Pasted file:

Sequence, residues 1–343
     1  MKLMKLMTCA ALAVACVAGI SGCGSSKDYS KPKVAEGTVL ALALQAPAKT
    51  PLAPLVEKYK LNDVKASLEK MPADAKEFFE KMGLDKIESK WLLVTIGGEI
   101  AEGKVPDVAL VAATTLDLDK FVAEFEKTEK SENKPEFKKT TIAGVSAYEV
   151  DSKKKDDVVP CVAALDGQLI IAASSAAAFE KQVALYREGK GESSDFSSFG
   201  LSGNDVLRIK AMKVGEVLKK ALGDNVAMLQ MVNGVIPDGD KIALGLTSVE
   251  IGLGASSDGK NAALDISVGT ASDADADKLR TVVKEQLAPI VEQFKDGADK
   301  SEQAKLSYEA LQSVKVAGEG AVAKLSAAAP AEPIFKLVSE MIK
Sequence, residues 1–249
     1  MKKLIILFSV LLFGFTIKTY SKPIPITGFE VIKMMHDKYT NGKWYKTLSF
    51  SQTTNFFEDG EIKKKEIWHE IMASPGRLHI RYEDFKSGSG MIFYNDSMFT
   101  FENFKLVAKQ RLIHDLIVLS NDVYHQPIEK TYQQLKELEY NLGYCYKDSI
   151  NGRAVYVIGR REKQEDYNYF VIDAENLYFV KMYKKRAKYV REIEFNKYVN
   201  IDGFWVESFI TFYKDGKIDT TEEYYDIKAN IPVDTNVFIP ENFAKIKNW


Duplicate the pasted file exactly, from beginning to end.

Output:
Sequence, residues 1–343
     1  MKLMKLMTCA ALAVACVAGI SGCGSSKDYS KPKVAEGTVL ALALQAPAKT
    51  PLAPLVEKYK LNDVKASLEK MPADAKEFFE KMGLDKIESK WLLVTIGGEI
   101  AEGKVPDVAL VAATTLDLDK FVAEFEKTEK SENKPEFKKT TIAGVSAYEV
   151  DSKKKDDVVP CVAALDGQLI IAASSAAAFE KQVALYREGK GESSDFSSFG
   201  LSGNDVLRIK AMKVGEVLKK ALGDNVAMLQ MVNGVIPDGD KIALGLTSVE
   251  IGLGASSDGK NAALDISVGT ASDADADKLR TVVKEQLAPI VEQFKDGADK
   301  SEQAKLSYEA LQSVKVAGEG AVAKLSAAAP AEPIFKLVSE MIK
Sequence, residues 1–249
     1  MKKLIILFSV LLFGFTIKTY SKPIPITGFE VIKMMHDKYT NGKWYKTLSF
    51  SQTTNFFEDG EIKKKEIWHE IMASPGRLHI RYEDFKSGSG MIFYNDSMFT
   101  FENFKLVAKQ RLIHDLIVLS NDVYHQPIEK TYQQLKELEY NLGYCYKDSI
   151  NGRAVYVIGR REKQEDYNYF VIDAENLYFV KMYKKRAKYV REIEFNKYVN
   201  IDGFWVESFI TFYKDGKIDT TEEYYDIKAN IPVDTNVFIP ENFAKIKNW